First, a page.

I was at a symphony performance a few nights ago and about halfway into one of the pieces I noticed string section members looking to each other with questioning glances. Then I saw the conductor look to their section, point at himself and accept the blame. All smiled and the concert continued. Few, if any of us, in the audience caught whatever the error was. I certainly didn’t hear anything untoward.

Many years ago I was on stage and another actor collapsed. Fortunately he’d held himself together long enough to reach a fight scene, where he fell into the arms of myself and another cast member. We got him offstage and onto a cot. The remaining two actors ad-libbed the last 10 minutes of the play – and the only people who knew the difference were the scrambling tech crew and the confused actors waiting in the green room, who otherwise would have had parts in this final scene.

As a friend of mine puts it, much of life’s like a duck paddling upstream. Things may look calm on top, but underneath, that duck’s paddling like hell. Or, as many of us have also heard, you’ve got to work your butt off to make something look effortless.

Most of us know the effort it takes to stay calm in the face of some other person’s lunacy, be it political, spiritual or social. [And remember, it’s always their lunacy, almost never ours!] It’s difficult to ignore these people and the events they create. But when we look to control our reaction in these situations, we’re only creating more stomach acid for ourselves.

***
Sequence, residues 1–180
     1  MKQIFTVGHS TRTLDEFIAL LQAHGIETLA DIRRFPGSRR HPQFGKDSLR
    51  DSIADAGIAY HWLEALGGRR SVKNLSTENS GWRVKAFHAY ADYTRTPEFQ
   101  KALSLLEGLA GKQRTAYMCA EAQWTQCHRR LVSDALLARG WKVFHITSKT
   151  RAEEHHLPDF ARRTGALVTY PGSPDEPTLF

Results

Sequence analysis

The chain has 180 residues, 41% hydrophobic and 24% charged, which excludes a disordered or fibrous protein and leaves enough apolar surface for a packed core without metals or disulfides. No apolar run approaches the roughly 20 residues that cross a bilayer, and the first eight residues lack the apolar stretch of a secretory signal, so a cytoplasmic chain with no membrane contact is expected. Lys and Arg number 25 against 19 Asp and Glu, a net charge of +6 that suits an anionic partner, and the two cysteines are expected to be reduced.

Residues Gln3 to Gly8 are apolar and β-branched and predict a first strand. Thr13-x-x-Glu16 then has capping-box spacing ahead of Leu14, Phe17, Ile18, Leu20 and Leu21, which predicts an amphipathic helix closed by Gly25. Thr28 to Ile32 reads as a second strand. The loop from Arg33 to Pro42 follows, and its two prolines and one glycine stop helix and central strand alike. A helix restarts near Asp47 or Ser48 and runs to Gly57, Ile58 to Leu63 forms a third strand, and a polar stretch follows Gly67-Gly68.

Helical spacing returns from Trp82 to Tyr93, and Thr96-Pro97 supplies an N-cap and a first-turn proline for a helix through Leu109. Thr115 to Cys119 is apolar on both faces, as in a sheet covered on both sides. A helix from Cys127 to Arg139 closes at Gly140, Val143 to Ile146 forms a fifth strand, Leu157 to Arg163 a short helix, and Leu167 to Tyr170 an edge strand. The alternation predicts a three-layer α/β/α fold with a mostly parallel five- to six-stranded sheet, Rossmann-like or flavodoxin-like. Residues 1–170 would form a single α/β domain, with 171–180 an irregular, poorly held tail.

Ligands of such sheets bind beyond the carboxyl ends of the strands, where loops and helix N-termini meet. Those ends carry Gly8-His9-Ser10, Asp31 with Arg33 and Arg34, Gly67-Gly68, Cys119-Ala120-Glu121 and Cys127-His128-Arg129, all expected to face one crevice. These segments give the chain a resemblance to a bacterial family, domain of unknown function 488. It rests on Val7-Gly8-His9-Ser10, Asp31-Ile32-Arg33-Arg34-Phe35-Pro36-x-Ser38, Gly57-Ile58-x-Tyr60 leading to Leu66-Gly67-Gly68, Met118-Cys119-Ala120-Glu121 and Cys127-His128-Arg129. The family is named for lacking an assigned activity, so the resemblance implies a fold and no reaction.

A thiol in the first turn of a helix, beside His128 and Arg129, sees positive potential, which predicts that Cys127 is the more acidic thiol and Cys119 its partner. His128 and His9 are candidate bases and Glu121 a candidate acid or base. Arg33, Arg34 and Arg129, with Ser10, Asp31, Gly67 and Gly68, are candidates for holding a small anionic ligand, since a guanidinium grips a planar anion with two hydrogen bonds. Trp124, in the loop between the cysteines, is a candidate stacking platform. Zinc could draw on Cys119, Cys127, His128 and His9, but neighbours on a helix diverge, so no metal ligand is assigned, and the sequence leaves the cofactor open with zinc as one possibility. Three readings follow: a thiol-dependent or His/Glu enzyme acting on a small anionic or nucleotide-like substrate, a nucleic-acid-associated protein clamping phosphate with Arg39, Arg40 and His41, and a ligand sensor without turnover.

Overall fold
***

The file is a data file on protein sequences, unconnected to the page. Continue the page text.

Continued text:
So what is to be done?

Should you try changing what passes for another’s mind? It’s borderline impossible. You might affect their behavior, but their mind and soul? Let’s get real. And if you fight fire with fire, you’ve simply stooped to their level. Yes, I know that setting backfires works, but only in the short term, to control symptoms and immediate behavior. Backfires still leave scorched earth. It’s more effective – but much, much harder – to address causes.

“He who fights with monsters should be careful lest he become a monster.”

Friedrich Nietzsche

There’s another way. We can devote the same effort – and some self-discipline – to changing ourselves. Whether it’s an eastern discipline like yoga and its cousins, a western religious one, or a hybrid of our own choosing, tools exist to help us change ourselves. We just need to use them.

Then maybe we can learn to respond, rather than to react. Then maybe we can learn to see the rationale in someone else’s viewpoint. We may even discover that they have a better solution to an issue than we had. Then, maybe, we can show – and receive – some respect. Maybe we can let that other person save a little bit of face. It takes time. It can be frustrating as hell. But it’s better than hurling bumper sticker slogans at each other across that increasingly toxic cesspool we call the internet.